According to the Psira portal, its certificate was set to expire in July next year.

On Friday morning a man who answered a call from Daily Maverick to a number listed for the company said he had no response to the police allegations, but would forward this journalist’s contact number to another individual.

That individual did not return the call by the time of publication.

A response to Daily Maverick’s query will be added once it is received.

34 pistols, eight shotguns

Hawks spokesperson Lieutenant Colonel Siyabulela Vukubi on Thursday alleged Custodian Global Security VIP and Medical “does not exist on” Psira or on the police’s Enhanced Firearm Registration System.

A team of police officers inspected the company’s premises, in the Cape Town suburb of Maitland, on Wednesday 21 June.

“The team discovered a total of 42 firearms (34 pistols and eight shotguns) and a number of ammunition stored in three different safes on the premises,” Vukubi said. 

“It was later established that the firearms found on the premises are licensed under a company based in Centurion.”

A case of firearms and ammunition possession without a license, permit or authorisation in terms of the Firearms Control Act was opened.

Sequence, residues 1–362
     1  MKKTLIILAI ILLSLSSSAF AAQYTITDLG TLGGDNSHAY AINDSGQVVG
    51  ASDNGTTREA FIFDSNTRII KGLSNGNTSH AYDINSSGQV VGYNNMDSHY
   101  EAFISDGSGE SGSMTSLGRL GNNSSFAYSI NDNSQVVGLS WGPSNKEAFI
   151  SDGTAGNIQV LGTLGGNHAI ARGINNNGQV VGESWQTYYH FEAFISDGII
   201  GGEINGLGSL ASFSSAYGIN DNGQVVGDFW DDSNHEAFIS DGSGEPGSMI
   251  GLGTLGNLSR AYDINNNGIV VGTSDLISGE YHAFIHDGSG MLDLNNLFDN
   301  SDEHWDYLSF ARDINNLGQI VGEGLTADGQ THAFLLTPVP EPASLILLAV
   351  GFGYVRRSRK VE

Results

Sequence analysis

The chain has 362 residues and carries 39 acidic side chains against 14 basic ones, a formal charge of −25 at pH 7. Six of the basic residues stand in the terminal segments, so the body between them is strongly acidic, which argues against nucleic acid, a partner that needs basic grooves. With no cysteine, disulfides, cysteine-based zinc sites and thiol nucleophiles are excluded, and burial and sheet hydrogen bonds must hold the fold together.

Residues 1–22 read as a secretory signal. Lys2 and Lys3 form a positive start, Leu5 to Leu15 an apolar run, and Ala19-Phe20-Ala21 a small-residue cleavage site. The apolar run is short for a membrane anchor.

Vukubi added that a suspect, 57, who was at the premises during the inspection, was arrested.

Independent Online reported the suspect, Mark Carelse, appeared in the Cape Town Magistrate’s Court and was released on R5,000 bail.

He was expected back in court in September.

Companies fronting for guns

Broader problems, not linked to that company, relating to private security and firearms have previously emerged.

Sources involved in the industry have before said that security companies can apply to police to use firearms as part of their operations, but that criminals can use the firms as fronts to get hold of guns.

Such allegations link to the nightclub security industry, especially in the Western Cape.

Read more in Daily Maverick: The Enforcers – Inside Cape Town’s Deadly Nightclub Battles